Tuesday, February 9, 1999

By Rod Thompson, Star-Bulletin
Wayne Nasario ducks under a towel while being led from
District Court in Hilo yesterday. Police documents link Nasario
to the Ireland murder case, although his attorney
denies any connection.

Lawyer: Ireland case
arrestee wasn’t involved

By Rod Thompson


HILO -- Attorney Stanton Oshiro has denied that Big Islander Wayne Nasario has anything to do with the case of murder victim Dana Ireland, despite police documents linking him to it.

But Oshiro convinced a District Court judge that Nasario's life could be in danger, although he faced only contempt of court and traffic charges.

Following Nasario's appearance for contempt, Oshiro led him to a waiting car with Nasario hiding his head in a sweatshirt.

Why police linked Nasario, and two other men not yet located, to the case hasn't been explained.

Three other men were indicted in 1997, but charges against two were dropped last year with minimal explanation.

New court documents may shed light. "Police and prosecution have consistently believed a fourth person may have been present and participated in this kidnapping, rape, and murder," Deputy Prosecutor Lincoln Ashida wrote.

The theory of a fourth attacker was not made public previously.

Ireland, 23, a visitor from Virginia, was hit by a car, abducted, beaten and raped on Christmas Eve 1991. She died at midnight.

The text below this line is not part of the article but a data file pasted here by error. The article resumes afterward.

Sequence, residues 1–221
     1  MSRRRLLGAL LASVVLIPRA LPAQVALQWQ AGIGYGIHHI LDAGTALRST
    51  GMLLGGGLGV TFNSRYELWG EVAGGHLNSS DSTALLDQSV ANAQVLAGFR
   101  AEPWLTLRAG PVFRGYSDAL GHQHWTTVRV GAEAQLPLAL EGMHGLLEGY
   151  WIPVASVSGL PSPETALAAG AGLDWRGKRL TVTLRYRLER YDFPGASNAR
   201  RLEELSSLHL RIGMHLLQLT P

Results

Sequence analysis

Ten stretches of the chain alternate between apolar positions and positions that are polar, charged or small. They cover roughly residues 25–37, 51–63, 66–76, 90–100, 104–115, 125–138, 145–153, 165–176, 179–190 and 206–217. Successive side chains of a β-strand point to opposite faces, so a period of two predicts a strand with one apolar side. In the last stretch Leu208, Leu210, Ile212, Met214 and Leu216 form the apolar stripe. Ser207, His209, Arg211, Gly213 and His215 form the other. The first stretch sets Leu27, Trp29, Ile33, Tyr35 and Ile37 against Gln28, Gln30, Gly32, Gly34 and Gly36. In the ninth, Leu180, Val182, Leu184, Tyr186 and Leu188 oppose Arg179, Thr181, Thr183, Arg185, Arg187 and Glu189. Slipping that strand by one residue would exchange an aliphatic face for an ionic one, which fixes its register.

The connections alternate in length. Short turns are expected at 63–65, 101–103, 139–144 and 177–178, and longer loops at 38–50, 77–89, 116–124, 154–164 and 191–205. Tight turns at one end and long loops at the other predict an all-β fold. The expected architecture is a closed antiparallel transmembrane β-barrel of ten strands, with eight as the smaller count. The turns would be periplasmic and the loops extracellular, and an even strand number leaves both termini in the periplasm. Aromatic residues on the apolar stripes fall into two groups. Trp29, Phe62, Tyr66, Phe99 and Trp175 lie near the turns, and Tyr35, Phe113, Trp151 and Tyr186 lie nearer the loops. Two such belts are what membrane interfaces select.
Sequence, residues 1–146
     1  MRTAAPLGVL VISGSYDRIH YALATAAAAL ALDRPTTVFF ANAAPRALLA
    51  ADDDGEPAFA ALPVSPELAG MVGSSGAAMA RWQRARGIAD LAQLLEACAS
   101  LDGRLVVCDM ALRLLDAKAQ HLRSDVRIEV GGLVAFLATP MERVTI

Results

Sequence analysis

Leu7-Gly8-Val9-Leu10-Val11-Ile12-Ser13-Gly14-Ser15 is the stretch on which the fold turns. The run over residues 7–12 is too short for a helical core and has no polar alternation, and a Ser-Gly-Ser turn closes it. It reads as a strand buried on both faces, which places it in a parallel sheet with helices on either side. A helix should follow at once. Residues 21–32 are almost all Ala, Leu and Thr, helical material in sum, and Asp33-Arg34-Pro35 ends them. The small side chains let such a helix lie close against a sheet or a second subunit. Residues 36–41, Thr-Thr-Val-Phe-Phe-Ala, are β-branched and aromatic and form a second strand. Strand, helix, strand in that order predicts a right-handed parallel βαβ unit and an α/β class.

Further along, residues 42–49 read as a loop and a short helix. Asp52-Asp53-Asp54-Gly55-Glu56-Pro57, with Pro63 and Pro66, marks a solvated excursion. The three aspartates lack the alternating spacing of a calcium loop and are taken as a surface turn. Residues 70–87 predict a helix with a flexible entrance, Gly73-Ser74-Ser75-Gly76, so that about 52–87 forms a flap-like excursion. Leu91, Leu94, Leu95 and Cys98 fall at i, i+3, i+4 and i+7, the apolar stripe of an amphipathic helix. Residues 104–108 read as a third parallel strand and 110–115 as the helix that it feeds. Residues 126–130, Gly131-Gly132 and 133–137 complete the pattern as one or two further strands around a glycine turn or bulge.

Last month, police documents with a special identification number showed police were seeking three additional men in the Ireland case. One was located Friday and identified as Nasario, 35, of Mountain View.

Oshiro began yesterday's hearing by objecting to news cameras being used in the courtroom.

Without naming any case, he told Judge Sandra Pechter Schutte that other witnesses had received death threats, and Nasario could receive them, too.

He told the judge, who agreed to ban the cameras, that the news media believed Nasario was a suspect in the Ireland case or related to it. "That's not true," he said.

Schutte accepted a no-contest plea from Nasario on the contempt charge, set March 22 for sentencing, and freed him on supervised release.

Attorneys in the Ireland cases have been under a court ban against discussing the matter, which prevented an explanation of why charges against two of the three suspects indicted in 1997 were dropped last year.

A recent document by defense attorney Clifford Hunt says a DNA test showed sperm found on a sheet where Ireland lay dying came from a single person. Charges against brothers Shawn and Albert Ian Schweitzer were dropped because the DNA didn't match theirs, or that of five other people with whom the DNA was compared, Hunt wrote.

The remaining suspect, Frank Pauline Jr., has said he did not rape Ireland.

Hunt, Pauline's attorney, wants Pauline's charges dropped, too.

Meanwhile, Judge Riki May Amano has approved an order allowing police to obtain DNA in saliva from other people and to obtain bite marks from those people to compare with bite marks on Ireland's body.

Although the title of the order is given in a court index, the order itself is locked in a cabinet, and there is no public indication whether it covers Nasario and the other two men being sought.

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